Wednesday, August 8, 2012

Magazine Newsstand Decline Follows That Of Newspapers & Books

It's no secret that printed publications are decreasing in popularity. But the speed at which it is happening is accelerating.

Newstand sales of single issues -- big moneymakers for publishers -- are down 9.6 percent across the board compared to last year. Somes sales are going to the digital world, while others are just disappearing.  According to the Audit Bureau of Circulation, digital subscriptions are up by over 150% but the 5.4 million e-subscriptions olnly represents 1.7% of the marketplace. Last year it made up 1% of the market, so the growth rate is fast. As more iPads and tablets flood consumers, we'll likely see a bigger migration from print to digital. However, one important note, overall paid and verified circulation was only down .1 percent from last year, so people have not lost interest in magazines.

The top 10 digtized magazines are:

1. Game Informer
2. Maxim
3. Cosmopolitan
4. Poder Hispanic
5. National Geographic
6. Popular Science
7. O
9. The Magazine
10. Parenting

Interview With Author Mike Jeffries 

1. What type of books do you write? I write non-fiction books; primarily about children, divorce and parental alienation -- a very destructive family dynamic affecting countless children, parents and extended family members every year.  There isn't a lot of information out there about parental alienation so my efforts hopefully fill a void and help families dealing with some very painful situations.

2. What is your latest or upcoming book about? I'm actually taking a break from my usual topic and collaborating with a colleague on a book about the communication skills needed to excel in the corporate environment.  So often people are promoted into managerial positions based on their technical expertise, but they have no formal training in how to communicate effectively with their people.  Good communication skills -- including writing, presentations, conflict resolutions and one-one-one or small group feedback sessions -- are the keys to engaging people and helping both the individuals and the organization succeed.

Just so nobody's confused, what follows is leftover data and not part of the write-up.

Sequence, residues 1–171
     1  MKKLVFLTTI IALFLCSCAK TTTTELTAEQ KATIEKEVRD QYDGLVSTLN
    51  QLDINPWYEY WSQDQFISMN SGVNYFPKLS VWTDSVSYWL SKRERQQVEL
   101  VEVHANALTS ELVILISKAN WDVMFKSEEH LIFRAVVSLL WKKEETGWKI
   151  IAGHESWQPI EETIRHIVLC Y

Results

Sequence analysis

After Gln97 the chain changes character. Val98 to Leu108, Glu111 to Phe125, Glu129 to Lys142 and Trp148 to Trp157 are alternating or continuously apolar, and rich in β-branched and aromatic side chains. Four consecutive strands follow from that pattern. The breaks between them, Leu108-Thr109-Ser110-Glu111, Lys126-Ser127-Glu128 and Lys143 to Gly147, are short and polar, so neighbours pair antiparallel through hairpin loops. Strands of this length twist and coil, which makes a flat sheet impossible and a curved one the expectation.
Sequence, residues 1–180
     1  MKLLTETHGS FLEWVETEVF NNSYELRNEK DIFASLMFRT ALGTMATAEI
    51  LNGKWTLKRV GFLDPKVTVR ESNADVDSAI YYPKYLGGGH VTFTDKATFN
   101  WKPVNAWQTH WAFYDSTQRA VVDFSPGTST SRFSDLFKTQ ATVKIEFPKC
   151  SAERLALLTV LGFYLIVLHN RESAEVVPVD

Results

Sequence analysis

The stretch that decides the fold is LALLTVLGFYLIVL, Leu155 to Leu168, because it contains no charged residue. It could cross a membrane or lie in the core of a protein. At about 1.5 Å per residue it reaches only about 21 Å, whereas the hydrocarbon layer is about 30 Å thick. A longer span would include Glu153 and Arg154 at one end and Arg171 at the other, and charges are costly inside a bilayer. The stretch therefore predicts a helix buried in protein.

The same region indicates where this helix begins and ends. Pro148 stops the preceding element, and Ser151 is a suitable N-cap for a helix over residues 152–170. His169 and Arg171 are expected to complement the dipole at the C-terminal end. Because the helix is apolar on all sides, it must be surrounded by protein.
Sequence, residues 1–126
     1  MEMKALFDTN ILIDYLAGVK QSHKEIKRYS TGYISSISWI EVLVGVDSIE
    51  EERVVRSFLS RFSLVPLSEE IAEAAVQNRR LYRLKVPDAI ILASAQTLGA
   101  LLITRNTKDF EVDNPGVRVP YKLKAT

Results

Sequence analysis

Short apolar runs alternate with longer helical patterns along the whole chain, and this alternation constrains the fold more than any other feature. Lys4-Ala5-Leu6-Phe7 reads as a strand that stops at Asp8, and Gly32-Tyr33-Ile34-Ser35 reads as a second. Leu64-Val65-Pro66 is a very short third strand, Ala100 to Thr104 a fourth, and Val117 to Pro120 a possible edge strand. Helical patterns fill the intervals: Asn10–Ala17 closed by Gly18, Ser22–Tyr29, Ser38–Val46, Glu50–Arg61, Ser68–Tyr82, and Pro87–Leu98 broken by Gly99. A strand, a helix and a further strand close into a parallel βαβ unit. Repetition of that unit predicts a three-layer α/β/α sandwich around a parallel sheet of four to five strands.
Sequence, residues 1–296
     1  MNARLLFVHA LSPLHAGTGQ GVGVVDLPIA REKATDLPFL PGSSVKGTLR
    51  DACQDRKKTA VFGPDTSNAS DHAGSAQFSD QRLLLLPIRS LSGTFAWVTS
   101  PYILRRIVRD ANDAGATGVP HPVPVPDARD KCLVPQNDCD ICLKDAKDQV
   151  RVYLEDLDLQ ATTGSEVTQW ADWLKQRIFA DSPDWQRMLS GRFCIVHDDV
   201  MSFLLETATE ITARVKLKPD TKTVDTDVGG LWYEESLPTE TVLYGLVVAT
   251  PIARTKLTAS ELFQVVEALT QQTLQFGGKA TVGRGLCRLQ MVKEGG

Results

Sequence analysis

3. What inspired you to write it? Very simply, we identified a need.  We ran a very successful communication training program designed to help managers improve their communication and leadership skills.  The program was so successful we decided to turn it into a book.  This opportunity couldn't be more different from the events the led me to write A Family's Heartbreak: A Parent's Introduction to Parental Alienation.  In that case there was both a need in the marketplace and an opportunity to deal with my own pain over losing my son to parental alienation.

4. What did you do before you became an author? I've been writing professionally for more than 30 years.  I started writing radio news and sports stories in Washington D.C., and then wrote freelance articles for newspapers and magazines.  These days the majority of my writing takes place in the corporate world.  I write speeches for CEOs, corporate video scripts, blogs, announcements, press releases and marketing materials.  Writing isn't all I do but it's a big part of it.

5. How does it feel to be a published author? Being a published author is extremely gratifying.   I hear from people all over the world who just want to say "thank you" to me for sharing my story and a little information.  Whenever we sell a book in Australia, South Africa, England, Israel or any of the other far away places where we've sold books, I remember writing A Family's Heartbreak in this dumpy little apartment I was forced to rent after my divorce.   I can't believe the words I wrote in that apartment are traveling around the world and touching people.

6. Any advice for struggling writers? Write what you know about and write with passion.  

7. Where do you see book publishing heading? Clearly, the marketplace is evolving.  I think there will always be people who want to hold a book in their hands and put it on a shelf when they've finished it, but their numbers are dwindling and authors and publishers need to adjust their expectations when it comes to sales, revenues and profits.  I also think the internet, and blogs in particular, are providing an outlet for authors to develop their ideas and skills.  Much like the entertainment industry makes "straight to video" movies I think we'll see more and more "straight to online" books by authors and bloggers.  

For more information, please see

Brian Feinblum’s views, opinions, and ideas expressed in this blog are his alone and not that of his employer, the nation’s largest book promoter. You can follow him on Twitter @theprexpert and email him at He feels more important when discussed in the third-person.

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